TAHLEQUAH, Okla. — Cherokee Nation Principal Chief Chuck Hoskin Jr. signed legislation today that will invest a total of $440 million into health care capital improvement projects, including $400 million for construction of a new hospital in Tahlequah and $35 million for a new outpatient health center in Salina.
The Council of the Cherokee Nation approved the legislation during its December Council meeting.
“After a decade of dramatic expansion of our Cherokee Nation health system, we must keep investing to ensure Cherokee citizens have access to the best in health care,” Chief Hoskin said. “Through this landmark legislation, the Cherokee Nation will construct a state-of-the-art hospital to replace the nearly 40-year-old W.W. Hastings Hospital in Tahlequah using the latest in hospital design. We will then repurpose our current hospital facility to be the heart of our expanded behavioral health program. On top of all of this, we will also use this legislation to replace the A-Mo Health Center in Salina with a new, state-of-the-art facility. Together, these projects will positively impact the lives of Cherokee families for many, many generations as we erase the line between mental health and physical health, and instead recognize that our goal must be to provide wellness for every Cherokee.”
Built in the mid-1980s, W.W. Hastings Hospital in Tahlequah has approximately 180,00 square feet and was initially designed to service about 60,000 patient visits per year. Recently, the hospital facility has served over 500,000 patient visits annually, including more than 400,000 ambulatory visits per year and up to 70,000 emergency department and urgent care visits.
The new hospital is still in the design phase but is expected to provide at least twice the space as the existing hospital facility. The new hospital will have an increased bed capacity for critical care patients and will provide inpatient dialysis. It will also offer expanded space for the hospital’s increasing number of births in the labor and delivery department over the years. In fiscal year 2020, nearly 900 babies were born at W.W. Hastings Hospital.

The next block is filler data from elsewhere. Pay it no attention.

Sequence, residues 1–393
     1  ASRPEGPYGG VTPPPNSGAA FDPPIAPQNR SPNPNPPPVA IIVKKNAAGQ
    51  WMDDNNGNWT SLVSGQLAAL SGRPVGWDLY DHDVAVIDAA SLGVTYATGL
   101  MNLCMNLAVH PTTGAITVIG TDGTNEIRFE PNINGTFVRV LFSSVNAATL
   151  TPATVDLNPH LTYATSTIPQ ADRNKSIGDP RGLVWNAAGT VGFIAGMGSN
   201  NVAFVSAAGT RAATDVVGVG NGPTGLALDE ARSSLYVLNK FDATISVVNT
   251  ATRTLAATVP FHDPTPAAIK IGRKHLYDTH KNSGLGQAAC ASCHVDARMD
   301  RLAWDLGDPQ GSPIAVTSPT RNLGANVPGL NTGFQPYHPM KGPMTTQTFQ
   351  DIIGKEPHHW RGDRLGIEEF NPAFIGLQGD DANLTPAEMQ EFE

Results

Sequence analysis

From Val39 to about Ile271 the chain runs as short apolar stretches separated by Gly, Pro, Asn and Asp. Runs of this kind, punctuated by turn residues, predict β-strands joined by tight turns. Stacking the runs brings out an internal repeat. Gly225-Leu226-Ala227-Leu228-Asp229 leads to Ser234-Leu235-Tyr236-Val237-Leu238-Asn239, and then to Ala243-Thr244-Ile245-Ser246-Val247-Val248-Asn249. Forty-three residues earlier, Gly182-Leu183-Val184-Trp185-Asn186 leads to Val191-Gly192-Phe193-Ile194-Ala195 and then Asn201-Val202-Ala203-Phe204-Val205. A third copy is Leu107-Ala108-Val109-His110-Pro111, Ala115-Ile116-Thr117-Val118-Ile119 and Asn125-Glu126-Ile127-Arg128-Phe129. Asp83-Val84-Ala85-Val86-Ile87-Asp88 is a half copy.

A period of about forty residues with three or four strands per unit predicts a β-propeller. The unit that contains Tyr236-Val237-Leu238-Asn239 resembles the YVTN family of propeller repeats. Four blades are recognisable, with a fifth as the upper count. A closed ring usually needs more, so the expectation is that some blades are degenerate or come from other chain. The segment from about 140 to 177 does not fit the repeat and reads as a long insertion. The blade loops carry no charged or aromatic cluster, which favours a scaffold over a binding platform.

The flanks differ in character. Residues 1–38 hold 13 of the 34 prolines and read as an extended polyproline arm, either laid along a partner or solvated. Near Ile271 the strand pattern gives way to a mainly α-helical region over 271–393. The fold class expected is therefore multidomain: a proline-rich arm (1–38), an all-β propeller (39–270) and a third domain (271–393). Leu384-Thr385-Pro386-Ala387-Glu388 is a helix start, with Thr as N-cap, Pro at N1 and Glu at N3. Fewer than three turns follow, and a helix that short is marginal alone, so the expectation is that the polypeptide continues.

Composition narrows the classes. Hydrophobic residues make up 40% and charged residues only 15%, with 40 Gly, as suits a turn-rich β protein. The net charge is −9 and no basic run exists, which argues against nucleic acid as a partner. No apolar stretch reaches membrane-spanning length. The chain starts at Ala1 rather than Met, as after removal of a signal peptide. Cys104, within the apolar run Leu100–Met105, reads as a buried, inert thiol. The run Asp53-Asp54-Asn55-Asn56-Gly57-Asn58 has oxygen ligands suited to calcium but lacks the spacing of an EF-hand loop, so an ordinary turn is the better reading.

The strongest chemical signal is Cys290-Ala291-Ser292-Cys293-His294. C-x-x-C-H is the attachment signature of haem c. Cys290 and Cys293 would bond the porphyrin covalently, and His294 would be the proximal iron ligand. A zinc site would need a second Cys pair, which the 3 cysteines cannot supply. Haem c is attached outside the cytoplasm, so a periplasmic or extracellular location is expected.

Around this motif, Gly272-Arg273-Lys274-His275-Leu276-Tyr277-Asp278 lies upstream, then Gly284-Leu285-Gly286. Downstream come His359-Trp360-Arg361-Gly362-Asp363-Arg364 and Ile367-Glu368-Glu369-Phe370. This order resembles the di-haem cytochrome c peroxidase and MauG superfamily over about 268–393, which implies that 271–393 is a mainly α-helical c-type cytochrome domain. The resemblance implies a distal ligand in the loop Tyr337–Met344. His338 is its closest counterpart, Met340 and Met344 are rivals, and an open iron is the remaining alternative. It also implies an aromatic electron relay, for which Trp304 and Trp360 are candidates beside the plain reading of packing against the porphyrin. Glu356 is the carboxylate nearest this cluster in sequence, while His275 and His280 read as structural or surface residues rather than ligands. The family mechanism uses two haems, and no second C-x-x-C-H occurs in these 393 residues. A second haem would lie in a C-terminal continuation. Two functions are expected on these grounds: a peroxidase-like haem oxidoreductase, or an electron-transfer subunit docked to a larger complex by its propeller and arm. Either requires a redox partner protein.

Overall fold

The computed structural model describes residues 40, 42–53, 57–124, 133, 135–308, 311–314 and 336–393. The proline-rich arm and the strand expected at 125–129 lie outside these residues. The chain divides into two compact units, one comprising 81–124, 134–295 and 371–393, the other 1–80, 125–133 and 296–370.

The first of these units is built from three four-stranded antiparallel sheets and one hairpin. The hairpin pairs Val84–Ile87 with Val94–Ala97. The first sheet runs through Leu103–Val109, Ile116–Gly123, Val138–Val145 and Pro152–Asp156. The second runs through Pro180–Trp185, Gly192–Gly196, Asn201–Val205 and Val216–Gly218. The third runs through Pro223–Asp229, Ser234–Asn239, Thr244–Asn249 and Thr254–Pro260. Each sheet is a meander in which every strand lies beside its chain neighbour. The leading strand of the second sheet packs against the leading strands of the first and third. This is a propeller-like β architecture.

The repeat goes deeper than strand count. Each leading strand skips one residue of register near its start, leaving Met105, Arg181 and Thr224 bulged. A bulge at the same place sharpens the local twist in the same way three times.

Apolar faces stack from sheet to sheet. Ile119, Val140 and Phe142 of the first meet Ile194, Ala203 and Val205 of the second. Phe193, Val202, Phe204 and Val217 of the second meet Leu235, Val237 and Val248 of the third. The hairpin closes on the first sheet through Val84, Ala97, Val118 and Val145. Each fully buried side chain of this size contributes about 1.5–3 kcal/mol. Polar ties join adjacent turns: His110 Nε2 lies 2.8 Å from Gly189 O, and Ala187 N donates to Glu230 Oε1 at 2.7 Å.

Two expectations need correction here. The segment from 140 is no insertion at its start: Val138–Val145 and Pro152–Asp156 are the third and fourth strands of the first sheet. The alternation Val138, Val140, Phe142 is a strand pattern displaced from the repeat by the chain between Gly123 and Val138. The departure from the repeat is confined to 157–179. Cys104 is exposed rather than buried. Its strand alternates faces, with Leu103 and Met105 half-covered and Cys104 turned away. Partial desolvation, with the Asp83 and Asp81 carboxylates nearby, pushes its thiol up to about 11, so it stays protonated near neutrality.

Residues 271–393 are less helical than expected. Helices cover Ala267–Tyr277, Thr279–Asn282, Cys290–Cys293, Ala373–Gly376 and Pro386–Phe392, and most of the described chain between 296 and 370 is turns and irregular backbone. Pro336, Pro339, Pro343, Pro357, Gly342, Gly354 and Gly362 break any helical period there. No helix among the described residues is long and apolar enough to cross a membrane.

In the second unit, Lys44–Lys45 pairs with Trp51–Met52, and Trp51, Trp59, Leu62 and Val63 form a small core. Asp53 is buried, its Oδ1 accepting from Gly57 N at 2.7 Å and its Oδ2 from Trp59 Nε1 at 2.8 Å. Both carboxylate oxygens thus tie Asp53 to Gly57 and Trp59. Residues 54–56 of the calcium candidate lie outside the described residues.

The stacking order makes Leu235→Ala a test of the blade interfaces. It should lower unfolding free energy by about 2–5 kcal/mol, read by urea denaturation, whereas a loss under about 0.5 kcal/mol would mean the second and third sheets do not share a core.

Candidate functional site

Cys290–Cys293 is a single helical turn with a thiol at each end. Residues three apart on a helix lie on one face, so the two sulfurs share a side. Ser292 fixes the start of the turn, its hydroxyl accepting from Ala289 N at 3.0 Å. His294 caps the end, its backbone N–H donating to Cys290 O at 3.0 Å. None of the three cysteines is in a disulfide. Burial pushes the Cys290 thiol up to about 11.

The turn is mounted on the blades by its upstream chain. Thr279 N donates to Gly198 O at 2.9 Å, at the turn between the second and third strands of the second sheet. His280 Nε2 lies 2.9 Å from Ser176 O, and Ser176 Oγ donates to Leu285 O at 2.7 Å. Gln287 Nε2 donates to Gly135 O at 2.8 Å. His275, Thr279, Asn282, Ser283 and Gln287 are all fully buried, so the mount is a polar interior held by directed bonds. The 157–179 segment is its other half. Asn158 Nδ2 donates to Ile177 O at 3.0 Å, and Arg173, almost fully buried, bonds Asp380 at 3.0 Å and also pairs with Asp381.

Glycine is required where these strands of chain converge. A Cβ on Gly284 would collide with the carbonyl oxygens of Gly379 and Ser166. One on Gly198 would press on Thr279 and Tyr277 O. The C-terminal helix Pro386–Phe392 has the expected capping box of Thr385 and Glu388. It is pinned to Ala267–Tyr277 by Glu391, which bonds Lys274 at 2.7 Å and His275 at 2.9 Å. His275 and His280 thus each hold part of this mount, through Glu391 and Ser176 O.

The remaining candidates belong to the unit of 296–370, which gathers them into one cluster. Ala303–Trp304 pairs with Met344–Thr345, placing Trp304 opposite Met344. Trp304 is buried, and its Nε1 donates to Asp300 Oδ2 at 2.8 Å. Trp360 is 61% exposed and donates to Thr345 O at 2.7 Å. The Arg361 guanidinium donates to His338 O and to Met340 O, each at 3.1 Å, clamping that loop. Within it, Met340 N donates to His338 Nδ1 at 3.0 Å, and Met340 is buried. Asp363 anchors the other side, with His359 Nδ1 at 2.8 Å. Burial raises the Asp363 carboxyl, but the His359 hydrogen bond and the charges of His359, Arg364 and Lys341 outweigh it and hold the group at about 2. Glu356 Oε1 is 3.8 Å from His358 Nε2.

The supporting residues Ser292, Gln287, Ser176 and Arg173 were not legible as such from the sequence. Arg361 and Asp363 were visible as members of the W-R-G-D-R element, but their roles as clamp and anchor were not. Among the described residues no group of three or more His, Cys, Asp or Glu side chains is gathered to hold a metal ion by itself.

“The new W.W. Hastings facility and the new health facility in Salina will offer access to more services, better testing, and shorter wait times for our citizens,” said Cherokee Nation Deputy Chief Bryan Warner. “It is a real blessing to be able to invest these critical dollars to improve our health care system by growing it to meet the needs of our citizens. These investments will also positively benefit our tribe by creating new health care jobs, as well as construction jobs and other opportunities that benefit Cherokee families and communities.”
In 2019, the Cherokee Nation opened the Cherokee Nation Outpatient Health Center in Tahlequah, the largest tribally operated outpatient health center in the country. The 469,000-square-foot facility is located near the existing W.W. Hastings Hospital and will connect to the new hospital being built by the tribe.
“I think this will allow us to really fulfill the vision and expectations of Cherokee Nation Health Services that hadn’t been met in previous years due to aging facilities and outdated equipment,” said Speaker of the Council Mike Shambaugh. “Now this entire Tahlequah campus, as well as the health center in Salina, will be a place where people will heal, families will rejoice, and students will learn. It’s definitely a turning point for the citizens of the Cherokee Nation.”
The legislation also authorizes Chief Hoskin to negotiate a memorandum of agreement with Northeastern State University for a donation to its college of optometry of up to $5 million. The donation will support NSU’s construction of a new $33 million facility for the college at its Tahlequah campus. NSU and Cherokee Nation have a long-standing partnership providing optometry services to patients in the tribe’s health system.
Groundbreakings to kick off construction of the Tahlequah and Salina projects will be announced at a future date.